Rachmaninov composed his Third Symphony at his summer house on Lake Lucerne during the summers of 1935 and 1936, after the triumph of his Rhapsody on a Theme of Paganini had restored him to favor as a composer. After the symphony's 1937 premiere at the hands of Leopold Stokowski and the Philadelphia Orchestra (which Rachmaninov himself would conduct in the work's first recording two years later), the composer wrote, "It was played wonderfully. Both audience and critics responded sourly. Personally, I'm firmly convinced that this is a good work."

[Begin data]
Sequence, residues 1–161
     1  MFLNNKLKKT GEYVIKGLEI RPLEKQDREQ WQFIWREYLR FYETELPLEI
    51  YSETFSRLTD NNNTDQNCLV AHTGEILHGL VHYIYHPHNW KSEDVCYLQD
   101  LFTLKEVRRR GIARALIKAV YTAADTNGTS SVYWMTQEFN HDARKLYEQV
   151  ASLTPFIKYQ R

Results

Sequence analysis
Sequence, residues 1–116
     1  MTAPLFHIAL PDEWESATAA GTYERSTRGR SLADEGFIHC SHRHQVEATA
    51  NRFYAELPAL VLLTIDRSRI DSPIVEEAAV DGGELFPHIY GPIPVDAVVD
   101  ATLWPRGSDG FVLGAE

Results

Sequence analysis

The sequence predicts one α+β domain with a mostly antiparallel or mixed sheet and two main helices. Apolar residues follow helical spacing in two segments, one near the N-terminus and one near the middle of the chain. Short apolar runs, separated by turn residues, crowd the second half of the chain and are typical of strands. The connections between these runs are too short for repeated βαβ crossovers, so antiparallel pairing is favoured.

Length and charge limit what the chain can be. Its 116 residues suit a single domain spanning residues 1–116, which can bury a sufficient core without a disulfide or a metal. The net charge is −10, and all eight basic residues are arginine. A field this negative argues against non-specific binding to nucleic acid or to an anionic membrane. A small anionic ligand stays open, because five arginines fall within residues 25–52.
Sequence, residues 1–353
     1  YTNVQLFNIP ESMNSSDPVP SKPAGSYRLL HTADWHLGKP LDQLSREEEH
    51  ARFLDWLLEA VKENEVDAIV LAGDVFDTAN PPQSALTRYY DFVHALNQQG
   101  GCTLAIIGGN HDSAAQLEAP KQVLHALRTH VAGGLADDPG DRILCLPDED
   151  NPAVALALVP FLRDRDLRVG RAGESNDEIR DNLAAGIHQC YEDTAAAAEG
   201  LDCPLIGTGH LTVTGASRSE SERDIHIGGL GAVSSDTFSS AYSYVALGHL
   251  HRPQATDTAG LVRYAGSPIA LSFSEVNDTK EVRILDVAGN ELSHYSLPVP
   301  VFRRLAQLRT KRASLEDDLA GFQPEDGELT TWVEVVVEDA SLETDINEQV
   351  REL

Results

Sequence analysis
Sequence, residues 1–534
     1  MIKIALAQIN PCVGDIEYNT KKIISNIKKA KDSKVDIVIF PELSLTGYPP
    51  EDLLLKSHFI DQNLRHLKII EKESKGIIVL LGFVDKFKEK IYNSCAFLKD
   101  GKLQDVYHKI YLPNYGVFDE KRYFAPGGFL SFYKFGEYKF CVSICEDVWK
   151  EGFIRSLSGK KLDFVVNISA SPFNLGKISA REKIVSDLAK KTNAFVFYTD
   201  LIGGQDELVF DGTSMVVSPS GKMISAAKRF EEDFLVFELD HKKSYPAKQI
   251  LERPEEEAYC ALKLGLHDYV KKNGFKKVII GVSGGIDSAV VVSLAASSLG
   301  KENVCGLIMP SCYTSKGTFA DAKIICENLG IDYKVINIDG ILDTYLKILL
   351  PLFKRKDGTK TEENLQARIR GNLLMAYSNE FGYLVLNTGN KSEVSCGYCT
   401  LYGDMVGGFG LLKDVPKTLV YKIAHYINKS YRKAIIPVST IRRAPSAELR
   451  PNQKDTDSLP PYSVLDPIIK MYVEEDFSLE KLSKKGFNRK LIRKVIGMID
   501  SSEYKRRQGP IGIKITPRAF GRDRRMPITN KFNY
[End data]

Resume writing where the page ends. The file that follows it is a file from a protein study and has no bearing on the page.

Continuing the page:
The first movement opens Lento as the saxophone introduces a motif that will take new forms throughout the work. Then the strings rise to usher in the main Allegro moderato in straightforward sonata form. A plaintive Russian folklike theme, introduced by oboes and bassoons, is juxtaposed with a great flowing melody in the strings. The development is so agitated that this melody seems even more sweetly nostalgic on its return in the recapitulation; the movement ends with the opening motif echoing unquietly in the lower strings. The second movement (Adagio ma non troppo -- Allegro vivace) combines the usual slow movement and scherzo. A solo horn over the harp states the motif in a new form, which mutates into an aching, yearning theme introduced by the solo violin. This violin theme is developed at length, alternating legato strings and soulful passages for the solo instruments. The brisk, even angry middle section recalls Mussorgsky, or even Stravinsky, as much as Tchaikovsky; the Adagio theme on its return reaches a great climax before sinking into repose. The finale (Allegro) opens with a confident and energetic theme. This is alternated with episodes that are variously nostalgic, fantastic, or downright grotesque, with increasingly aggressive and acerbic harmonies -- and yes, the Dies Irae turns up. But in the end the main theme emerges triumphantly, its forward momentum sweeping all before it.